Whatever your attitude towards the ever-evolving possibilities of AI (excited, terrified, mind-boggled, uninterested), one thing the field has always provided is a fascinating perspective on the way humans think about themselves. FACT’s latest pop-up exhibition, Designing Desire, takes another area of technology – the future of 3D printing – as a source of new insight into how we’ve been taught to think about our bodies, identities, gender and biological capabilities.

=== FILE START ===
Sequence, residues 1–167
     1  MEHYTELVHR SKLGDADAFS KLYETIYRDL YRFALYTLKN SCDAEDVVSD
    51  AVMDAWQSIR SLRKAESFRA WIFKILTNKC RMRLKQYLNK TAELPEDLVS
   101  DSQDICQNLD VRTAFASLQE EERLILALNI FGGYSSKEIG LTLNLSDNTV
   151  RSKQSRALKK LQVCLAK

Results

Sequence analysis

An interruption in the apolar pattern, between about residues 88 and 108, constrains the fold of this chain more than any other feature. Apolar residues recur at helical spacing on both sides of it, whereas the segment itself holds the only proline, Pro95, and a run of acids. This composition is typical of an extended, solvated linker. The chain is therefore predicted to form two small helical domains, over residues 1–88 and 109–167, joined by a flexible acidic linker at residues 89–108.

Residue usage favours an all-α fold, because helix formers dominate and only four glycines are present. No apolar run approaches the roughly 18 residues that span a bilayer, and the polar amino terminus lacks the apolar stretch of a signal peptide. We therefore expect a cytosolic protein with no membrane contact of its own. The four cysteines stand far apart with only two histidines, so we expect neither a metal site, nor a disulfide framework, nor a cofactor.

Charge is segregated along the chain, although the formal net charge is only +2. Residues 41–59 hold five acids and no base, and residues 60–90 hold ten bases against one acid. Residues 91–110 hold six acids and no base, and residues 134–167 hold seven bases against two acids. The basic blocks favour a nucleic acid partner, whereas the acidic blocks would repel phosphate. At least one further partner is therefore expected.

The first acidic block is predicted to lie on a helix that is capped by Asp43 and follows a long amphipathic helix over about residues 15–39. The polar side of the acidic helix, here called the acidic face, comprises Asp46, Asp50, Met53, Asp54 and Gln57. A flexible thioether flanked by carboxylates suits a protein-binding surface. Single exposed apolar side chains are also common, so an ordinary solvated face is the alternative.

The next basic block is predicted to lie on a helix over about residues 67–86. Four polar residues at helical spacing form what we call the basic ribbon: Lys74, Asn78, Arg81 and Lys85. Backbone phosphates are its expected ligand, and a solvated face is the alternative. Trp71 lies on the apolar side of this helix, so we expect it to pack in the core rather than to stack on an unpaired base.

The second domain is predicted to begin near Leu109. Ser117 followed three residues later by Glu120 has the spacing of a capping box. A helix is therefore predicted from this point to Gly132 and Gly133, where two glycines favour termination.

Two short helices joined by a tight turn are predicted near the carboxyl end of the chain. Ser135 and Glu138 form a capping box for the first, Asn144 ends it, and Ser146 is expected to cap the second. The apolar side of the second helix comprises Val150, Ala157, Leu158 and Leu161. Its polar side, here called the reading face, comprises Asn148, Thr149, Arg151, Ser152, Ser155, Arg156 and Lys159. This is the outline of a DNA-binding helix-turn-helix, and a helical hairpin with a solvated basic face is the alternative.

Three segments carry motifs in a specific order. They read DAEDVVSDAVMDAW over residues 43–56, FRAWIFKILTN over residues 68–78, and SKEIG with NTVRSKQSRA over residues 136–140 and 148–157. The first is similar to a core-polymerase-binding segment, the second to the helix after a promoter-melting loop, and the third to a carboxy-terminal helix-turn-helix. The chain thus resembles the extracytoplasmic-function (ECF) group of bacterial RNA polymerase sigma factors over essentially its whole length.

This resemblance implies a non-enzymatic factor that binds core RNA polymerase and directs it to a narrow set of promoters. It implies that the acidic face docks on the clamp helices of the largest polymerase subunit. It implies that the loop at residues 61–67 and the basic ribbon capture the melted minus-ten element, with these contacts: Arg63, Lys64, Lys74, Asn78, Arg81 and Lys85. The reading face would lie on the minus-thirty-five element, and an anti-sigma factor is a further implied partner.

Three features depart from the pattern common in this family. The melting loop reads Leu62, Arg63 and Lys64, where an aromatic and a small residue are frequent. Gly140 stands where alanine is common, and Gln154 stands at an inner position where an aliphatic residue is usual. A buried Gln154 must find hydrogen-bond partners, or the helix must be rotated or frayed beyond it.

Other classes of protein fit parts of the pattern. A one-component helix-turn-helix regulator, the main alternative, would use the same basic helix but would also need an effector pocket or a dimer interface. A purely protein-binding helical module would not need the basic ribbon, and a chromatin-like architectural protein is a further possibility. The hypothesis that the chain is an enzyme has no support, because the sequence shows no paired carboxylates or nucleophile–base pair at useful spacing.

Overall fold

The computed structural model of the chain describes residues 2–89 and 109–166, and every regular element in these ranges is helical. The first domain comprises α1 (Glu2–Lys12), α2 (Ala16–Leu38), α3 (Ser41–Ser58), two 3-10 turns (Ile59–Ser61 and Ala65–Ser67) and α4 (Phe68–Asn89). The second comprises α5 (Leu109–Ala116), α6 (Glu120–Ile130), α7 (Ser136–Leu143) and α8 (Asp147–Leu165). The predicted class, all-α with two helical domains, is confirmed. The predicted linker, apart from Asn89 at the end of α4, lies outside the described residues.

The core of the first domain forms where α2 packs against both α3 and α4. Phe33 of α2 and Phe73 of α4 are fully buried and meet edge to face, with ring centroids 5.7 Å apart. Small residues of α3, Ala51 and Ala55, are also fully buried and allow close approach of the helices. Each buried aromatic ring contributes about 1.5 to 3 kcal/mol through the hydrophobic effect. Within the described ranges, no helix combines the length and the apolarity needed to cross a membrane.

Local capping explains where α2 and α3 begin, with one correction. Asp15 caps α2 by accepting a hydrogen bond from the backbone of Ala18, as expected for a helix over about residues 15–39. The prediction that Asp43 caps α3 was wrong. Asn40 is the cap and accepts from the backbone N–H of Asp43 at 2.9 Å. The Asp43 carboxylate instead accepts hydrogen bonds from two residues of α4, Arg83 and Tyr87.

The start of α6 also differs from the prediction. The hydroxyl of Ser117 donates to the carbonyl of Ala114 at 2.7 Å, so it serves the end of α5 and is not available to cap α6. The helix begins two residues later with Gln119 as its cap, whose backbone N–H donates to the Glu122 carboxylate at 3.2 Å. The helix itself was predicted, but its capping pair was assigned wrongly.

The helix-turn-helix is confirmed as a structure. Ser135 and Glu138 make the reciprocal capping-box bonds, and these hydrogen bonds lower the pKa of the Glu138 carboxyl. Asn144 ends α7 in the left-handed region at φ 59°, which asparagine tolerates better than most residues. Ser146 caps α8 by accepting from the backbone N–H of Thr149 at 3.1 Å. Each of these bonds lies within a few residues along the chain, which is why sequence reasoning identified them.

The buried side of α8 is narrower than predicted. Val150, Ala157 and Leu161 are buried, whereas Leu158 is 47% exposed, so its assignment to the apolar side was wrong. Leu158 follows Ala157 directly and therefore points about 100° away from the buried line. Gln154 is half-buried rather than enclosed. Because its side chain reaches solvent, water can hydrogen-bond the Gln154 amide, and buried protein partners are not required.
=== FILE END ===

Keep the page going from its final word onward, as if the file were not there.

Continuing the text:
Designing Desire features the work of three artists, Morehshin Allahyari, Joey Holder and Kuang-Yi Ku, whose practices sit at the intersection between visual art, technology, scientific exploration and political activism (Ku is also a professional dentist). Collectively they explore how new directions in technological, biological, political and sexual advancement provided by 3D printing are enabling humans to overcome the limits and regulations imposed by the so-called ‘real’ world. And use speculative design – a tool for creating ideas and imagined futures as much as ‘things’ – to and encourage visitors to imagine endless possibilities for our future and present selves.